Singapore and Hong Kong bear remarkably similar characteristics – both have a dense population, limited natural resources, and are economically and technologically advanced.
It is no surprise then that when COVID-19 hit, the two cities were often compared against each other. And while the both started out implementing heavy restrictions to minimise the spread of the virus, Singapore has been much quicker to embrace an endemic state.
What does this difference mean for the economy and job market of these countries? This article will delve into what recruiters and job seekers alike can expect in Hong Kong and Singapore, and how to make the most out of it.
The contrast of two cities
In the early days, both Singapore and Hong Kong adopted strict lockdown measures to counter the pandemic. Mandatory masking, workplace closures and restrictions in group sizes reigned supreme in both countries for months. At least, until the vaccines came into the picture.
It is then that the two countries diverged in their methods. While Hong Kong continued its strict zero cases policy, Singapore went on an aggressive vaccination movement.
Today, Singapore has relaxed a vast majority of its pandemic measures. Fully-vaccinated travellers can now enter the country without needing to quarantine and large-scale events are gradually resuming with minimal restrictions. Meanwhile, Hong Kong continues to maintain strict pandemic measures. Fully-vaccinated travellers are required to quarantine for 7 days, while unvaccinated travellers need to undergo a 14 day quarantine.
Naturally, these measures have had an impact on the two countries’ economies, their employment rates, and consequently, on recruiters and job seekers alike.
Hong Kong’s recruitment outlook
Hong Kong’s employment rates have taken a huge hit. Between February and April 2022, Hong Kong experienced record high unemployment as rates spiked to 5.4%. Among the hardest hit industries were the building sector, as well as the retail, accommodation and food services sector.
But all is not lost for job seekers. The country has since begun to ease social distancing measures, and introduced government support schemes.
The Consumption Voucher Scheme, for instance, will provide vouchers amounting to HK$10,000 (US$1,273) to eligible individuals. This will help increase consumption of goods and services in Hong Kong, boosting the business outlook of those in consumption-related sectors and by extension, employment.
In the interim, the country’s 2022 Employment Support Schemealso provided wage subsidies for three months (May to July 2022), to help offset the costs of employment. This will encourage employers to retain their staff, or even increase hiring as pandemic measures are relaxed.
These efforts seem to be working thus far, as their most recent unemployment rate as of April to June has eased to 4.7%, according to CNA.
Singapore’s employment outlook
In Singapore, employment has been fairly stable since the government began to relax its pandemic measures. Unemployment rates returned to Pre-COVID levels as of February 2022, and remained stable throughout the first quarter, according to Human Resources Online.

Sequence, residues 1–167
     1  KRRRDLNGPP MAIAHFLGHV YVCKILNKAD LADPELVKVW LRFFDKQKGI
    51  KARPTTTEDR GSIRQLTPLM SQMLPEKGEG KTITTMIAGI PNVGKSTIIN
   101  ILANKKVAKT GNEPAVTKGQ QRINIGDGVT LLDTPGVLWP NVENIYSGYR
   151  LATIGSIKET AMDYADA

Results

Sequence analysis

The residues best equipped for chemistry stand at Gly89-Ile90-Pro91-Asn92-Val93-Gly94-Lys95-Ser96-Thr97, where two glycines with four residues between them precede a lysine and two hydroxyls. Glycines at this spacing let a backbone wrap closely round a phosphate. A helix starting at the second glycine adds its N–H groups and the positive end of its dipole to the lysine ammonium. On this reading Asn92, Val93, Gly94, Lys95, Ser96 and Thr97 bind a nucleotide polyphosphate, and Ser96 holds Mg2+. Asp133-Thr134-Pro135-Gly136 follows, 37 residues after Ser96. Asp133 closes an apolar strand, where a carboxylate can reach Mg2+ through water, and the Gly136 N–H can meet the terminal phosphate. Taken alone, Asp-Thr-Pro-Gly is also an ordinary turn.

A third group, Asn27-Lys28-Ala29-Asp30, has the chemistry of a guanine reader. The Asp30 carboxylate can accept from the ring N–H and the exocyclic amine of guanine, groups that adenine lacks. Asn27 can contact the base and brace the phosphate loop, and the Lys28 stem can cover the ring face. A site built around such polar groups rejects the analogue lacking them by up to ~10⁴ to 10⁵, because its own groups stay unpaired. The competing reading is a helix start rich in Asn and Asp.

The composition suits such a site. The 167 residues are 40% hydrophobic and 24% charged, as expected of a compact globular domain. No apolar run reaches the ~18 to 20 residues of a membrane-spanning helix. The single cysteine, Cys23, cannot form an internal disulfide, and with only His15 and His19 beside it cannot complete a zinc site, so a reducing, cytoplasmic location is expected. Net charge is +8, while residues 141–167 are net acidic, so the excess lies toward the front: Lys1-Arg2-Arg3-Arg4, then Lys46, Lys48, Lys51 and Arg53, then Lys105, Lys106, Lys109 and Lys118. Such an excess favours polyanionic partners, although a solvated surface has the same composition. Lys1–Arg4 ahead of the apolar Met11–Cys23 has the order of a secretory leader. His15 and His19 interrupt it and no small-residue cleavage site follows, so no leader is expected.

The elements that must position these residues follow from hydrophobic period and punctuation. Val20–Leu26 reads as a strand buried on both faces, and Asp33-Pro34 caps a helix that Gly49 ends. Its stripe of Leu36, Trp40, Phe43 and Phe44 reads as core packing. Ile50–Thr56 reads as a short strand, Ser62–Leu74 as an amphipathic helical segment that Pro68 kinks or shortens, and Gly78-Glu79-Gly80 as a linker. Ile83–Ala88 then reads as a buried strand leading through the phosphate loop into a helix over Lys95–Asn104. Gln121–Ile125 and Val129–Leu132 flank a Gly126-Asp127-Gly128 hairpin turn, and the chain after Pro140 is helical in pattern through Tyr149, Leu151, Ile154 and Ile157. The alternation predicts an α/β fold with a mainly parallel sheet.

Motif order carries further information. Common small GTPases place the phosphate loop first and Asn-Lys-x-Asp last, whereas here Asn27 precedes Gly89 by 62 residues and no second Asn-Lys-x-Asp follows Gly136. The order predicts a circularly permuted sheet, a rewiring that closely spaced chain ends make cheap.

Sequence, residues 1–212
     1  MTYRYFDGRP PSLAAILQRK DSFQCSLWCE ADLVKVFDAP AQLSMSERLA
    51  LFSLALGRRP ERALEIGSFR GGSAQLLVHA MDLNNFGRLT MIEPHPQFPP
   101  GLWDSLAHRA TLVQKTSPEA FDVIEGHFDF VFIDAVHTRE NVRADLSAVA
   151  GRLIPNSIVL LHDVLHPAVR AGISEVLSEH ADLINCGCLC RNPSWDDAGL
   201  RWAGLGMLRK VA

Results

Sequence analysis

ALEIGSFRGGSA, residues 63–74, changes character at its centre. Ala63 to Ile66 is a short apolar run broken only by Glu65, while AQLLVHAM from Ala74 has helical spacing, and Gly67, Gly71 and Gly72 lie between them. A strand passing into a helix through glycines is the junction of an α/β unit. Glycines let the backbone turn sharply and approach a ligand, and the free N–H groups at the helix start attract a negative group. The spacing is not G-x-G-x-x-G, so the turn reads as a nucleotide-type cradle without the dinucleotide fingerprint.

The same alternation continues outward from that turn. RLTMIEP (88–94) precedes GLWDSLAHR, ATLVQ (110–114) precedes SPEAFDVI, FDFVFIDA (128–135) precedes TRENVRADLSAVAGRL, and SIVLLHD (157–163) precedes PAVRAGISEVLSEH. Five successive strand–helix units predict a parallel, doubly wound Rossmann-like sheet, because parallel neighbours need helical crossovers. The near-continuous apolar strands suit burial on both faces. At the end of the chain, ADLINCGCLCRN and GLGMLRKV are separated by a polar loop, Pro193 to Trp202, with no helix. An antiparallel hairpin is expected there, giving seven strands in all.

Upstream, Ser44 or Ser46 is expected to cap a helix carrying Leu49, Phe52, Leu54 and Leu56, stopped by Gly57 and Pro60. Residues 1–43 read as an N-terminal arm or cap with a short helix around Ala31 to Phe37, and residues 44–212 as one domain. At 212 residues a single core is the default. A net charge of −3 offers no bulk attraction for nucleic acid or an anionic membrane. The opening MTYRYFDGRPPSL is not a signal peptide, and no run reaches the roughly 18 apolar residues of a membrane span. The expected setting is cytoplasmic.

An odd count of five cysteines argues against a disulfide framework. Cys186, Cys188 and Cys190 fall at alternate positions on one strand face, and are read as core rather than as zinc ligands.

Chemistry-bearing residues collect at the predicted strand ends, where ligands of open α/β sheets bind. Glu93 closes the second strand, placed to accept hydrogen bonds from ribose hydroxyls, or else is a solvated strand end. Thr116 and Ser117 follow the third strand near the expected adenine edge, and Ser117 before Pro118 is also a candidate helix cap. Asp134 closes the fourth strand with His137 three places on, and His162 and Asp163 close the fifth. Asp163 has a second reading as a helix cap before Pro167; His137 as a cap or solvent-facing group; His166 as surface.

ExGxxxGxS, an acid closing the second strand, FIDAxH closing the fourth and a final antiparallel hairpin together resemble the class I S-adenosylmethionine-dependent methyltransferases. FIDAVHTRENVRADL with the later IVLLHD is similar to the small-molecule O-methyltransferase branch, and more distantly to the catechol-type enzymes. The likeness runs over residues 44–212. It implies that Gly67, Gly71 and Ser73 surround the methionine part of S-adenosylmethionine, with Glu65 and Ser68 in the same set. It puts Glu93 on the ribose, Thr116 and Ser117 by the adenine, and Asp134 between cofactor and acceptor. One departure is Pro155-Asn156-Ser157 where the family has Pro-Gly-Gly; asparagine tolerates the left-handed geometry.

Total employment too has continued to expand in Q1 2022, growing by over 41,000. Growth in employment was observed in various sectors including construction, outward-oriented sectors such as information and communications, as well as the financial services.
Covid-19 impact on recruitment
Beyond the numbers, the pandemic has impacted recruitment trends in the two countries as well. Amidst an uncertain economy, employers appear more reluctant to commit to permanent roles. Instead, they are turning to contract workers for the increased flexibility it provides. To adapt, job seekers can consider seeking shorter-term opportunities in the interim while the market stabilises.
This is especially true in Hong Kong, which is still getting back on its feet after two brutal years of lockdowns.
With the pandemic catalysing digitalisation, tech skills are also all the more valued – something job seekers should take note of if they are considering upskilling themselves.
On the flip side, the pandemic has also changed employees' perception of what work should look like. Increasingly, job seekers are valuing flexibility, the option of hybrid or remote work, and other factors above pure remuneration. Employers need to take these considerations into account if they want to attract top talent.
Another point of consideration for employers is the option to now hire anyone, from anywhere in the world. The prevalence of remote work today means that employers are no longer restricted to just hiring from within their own borders, and can look towards other countries as well. This will, however, mean increased competition for job seekers.
All in all, both Hong Kong and Singapore are starting to escape from the long and dreary road that was the pandemic. Amidst economic recovery, it is up to both job seekers and recruiters to make the most of the opportunities presented by being agile, flexible and proactive.
Want advice on how to navigate recruitment and job seeking during a pandemic? Reach out to Charterhouse Asia today!